Area of Study:
My research involves exploring the effects of intermittent exposure to 3,4-methylenedioxymethamphetamine (MDMA), while measuring for 50-kHz vocalization that has been shown to occur in appetitive situations, in male rats. I am working in collaboration with the lab of Dr. Tim Schallert (homepage). Also, I have continued Ame Wongsa’s research in novel odor recongintion, measuring memory loss and enhancement using the models of diazepam and cocaine.
Undergraduate Research Assistants
Thakore, N., Reno, J. M., Gonzales, R.A., Schallert, T., Bell, R.L , Maddox, W. T. and Duvauchelle, C.L.. Alcohol enhances unprovoked 22-28 kHz USV counts and suppresses USV mean frequency in High Alcohol Drinking (HAD-1) male rats. Behavioural Brain Research, 302:228-236, 2016.
Reno, J. M., Thakore, N., Gonzales, R., Schallert, T., Bell, R.L. Maddox, W.T., and Duvauchelle, C.L. Alcohol-preferring P rats emit spontaneous 22-28kHz ultrasonic vocalizations that are altered by acute and chronic alcohol experience. Alcoholism: Clinical and Experimental Research, Alcohol Clin Exp Res, Vol 39 (5):843–852, 2015.
Reno, J.M and Duvauchelle, C.L. Response to Commentary: Making WAAVES in the vocalization community: how big is the splash? J. Neurosci Methods (221), 230-232, 2014.
Reno, J.M., Marker, B.A., Cormack, L.K., Schallert, T. and Duvauchelle, C.L. Automating ultrasonic vocalization analyses: The WAAVES program. J Neurosci Methods. (219) 155-161. 2013.
McAleer, L.M., Schallert, T., Duvauchelle, C.L. Weekend Ecstasy use disrupts memory in rats, Neurosci Lett. 549, 173-176, 2013.
Ahrens, A.M., Nobile, C.W., Maier, E.Y., Duvauchelle, C.L., and Schallert, T. Individual differences in the conditioned and unconditioned rat 50-kHz ultrasonic vocalizations elicited by repeated amphetamine exposure. Psychopharmacology (Berl). 229(4):687-700, 2013.
Maier, E.Y. Abdalla, M.I., Ahrens, A.M., Schallert, T. Duvauchelle, C. L. The missing variable: Ultrasonic vocalizations reveal hidden sensitization and tolerance-like effects during long-term cocaine administration. Psychopharmacology (Berl). 219(4):1141-52. 2012.
Feduccia, A.A. and Duvauchelle, C.L. Novel Apparatus and Method for Assessing Drug Reinforcement. JoVE. 42, 2010.
Maier, E. Y., Ma, S.T., Ahrens, A.M., Schallert, T. and Duvauchelle, C.L. Assessment of Ultrasonic Vocalizations During Drug Self-Administration in Rats. JoVE 41. 2010.
Maier, E. Y., Ahrens, A.M., Ma, S.T., Schallert, T. and Duvauchelle, C.L. Cocaine Deprivation Effect: Cue Abstinence over Weekends Boosts Anticipatory 50-kHz Ultrasonic Vocalizations in Rats. Behav Brain Res.214(1):75-9, 2010.
Feduccia, A.A. and Duvauchelle, C.L. Heat increases MDMA-enhanced NAcc 5-HT and body temperature, but not MDMA self-administration, Eur Neuropsychopharmacol. 20(12):884-94, 2010.
Ma, S.T., Maier, E.Y., Ahrens, A.M., Schallert, T. and Duvauchelle, C.L. Repeated Intravenous Cocaine Experience: Development and Escalation of Pre-Drug Anticipatory 50-kHz Ultrasonic Vocalizations in Rats, Behav Brain Res., 212(1):109-14, 2010.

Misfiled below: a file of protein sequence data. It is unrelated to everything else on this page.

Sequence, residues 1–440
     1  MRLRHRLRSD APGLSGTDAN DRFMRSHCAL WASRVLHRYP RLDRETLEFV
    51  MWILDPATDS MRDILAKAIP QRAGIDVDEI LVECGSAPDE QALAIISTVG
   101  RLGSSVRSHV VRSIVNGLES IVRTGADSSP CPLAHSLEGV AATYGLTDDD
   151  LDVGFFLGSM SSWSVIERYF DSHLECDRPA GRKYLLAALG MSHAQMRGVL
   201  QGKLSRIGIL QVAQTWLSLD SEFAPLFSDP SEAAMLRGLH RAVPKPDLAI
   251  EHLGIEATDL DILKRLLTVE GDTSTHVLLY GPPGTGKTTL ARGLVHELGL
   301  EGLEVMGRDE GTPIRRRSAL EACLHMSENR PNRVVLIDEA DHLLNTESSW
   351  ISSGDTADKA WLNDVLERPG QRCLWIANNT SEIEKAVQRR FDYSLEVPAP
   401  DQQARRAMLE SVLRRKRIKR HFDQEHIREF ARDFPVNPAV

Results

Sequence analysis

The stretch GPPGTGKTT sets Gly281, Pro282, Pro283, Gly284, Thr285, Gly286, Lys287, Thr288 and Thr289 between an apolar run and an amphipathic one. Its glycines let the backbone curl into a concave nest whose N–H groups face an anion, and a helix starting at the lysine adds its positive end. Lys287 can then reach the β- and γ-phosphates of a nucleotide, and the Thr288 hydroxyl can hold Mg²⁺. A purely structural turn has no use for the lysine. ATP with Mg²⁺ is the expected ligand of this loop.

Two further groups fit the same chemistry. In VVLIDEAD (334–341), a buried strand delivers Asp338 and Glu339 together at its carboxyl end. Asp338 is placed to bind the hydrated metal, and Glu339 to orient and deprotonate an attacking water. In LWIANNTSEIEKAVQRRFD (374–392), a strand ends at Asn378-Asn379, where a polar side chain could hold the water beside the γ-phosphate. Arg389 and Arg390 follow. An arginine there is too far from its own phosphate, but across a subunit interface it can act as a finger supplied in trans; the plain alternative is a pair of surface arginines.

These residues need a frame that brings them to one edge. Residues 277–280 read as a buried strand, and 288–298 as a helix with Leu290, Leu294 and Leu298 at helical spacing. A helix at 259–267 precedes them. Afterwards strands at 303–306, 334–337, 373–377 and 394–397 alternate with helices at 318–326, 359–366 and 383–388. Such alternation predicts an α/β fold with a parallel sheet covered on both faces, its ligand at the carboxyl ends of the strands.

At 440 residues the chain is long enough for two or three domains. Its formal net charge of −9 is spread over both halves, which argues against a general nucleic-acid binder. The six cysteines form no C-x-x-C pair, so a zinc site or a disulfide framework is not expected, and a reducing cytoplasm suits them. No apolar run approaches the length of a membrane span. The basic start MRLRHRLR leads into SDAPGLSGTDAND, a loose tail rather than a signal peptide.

Reveron, M.E., Maier, E.Y. and Duvauchelle, C.L. Behavioral, thermal and neurochemical effects of acute and chronic 3,4-methylenedioxymethamphetamine (“Ecstasy”) self-administration, Behav Brain Res, 207(2):500-7, 2010.
Ahrens, A.M., MA, S.T., Maier, E.Y., Duvauchelle, C.L. and Schallert, T. Repeated intravenous amphetamine exposure: Rapid, persistent sensitization of 50-kHz ultrasonic trill calls in rats. Behav Brain Res, 197(1):205-9, 2009.
Feduccia, A.A. and Duvauchelle, C. L. Auditory stimuli enhance MDMA-conditioned reward and MDMA-induced nucleus accumbens dopamine, serotonin and locomotor responses. Brain Res Bull. 77(4):189-96, 2008.
Maier, E. Y., Ledesma, R. T., Seiwell, A.P. and Duvauchelle, C.L. Diazepam alters cocaine self-administration, but not cocaine-stimulated locomotion or nucleus accumbens basal dopamine. Pharmacol Biochem Behav. 91(1):202-7, 2008.
Howard, E.C., Scheir, C.J., Duvauchelle, C.L., Gonzales, R.A. Intravenous ethanol infusion effects on dopamine in the nucleus accumbens core and shell Neuroscience. 2008 Jun 26;154(3):1042-53, 2008.
Dickerson,, S.M., Walker, D.M. Reveron, M.E. Duvauchelle, C.L. and Gore, A.C. Self-administration of the recreational drug ecstasy disrupts the hypothalamic-pituitary-gonadal reproductive axis in adult male rats. Neuroendocrinology. 88(2):95-102, 2008.
D’Souza, M.S. and Duvauchelle, C.L. Certain or uncertain cocaine expectations influence accumbens dopamine responses to self-administered cocaine and non-rewarded operant behavior. Eur Neuropsychopharmacol. 18(9):628-38, 2008.
Sound of Rats Calling for Cocaine
To hear the rats calling, turn up sound in System Preferences or on connected speakers and click on the following video:
1.0 sec of 50-kHz vocalizations slowed to 19 secs. (You may need to set your volume as high as possible to hear the vocalizations.)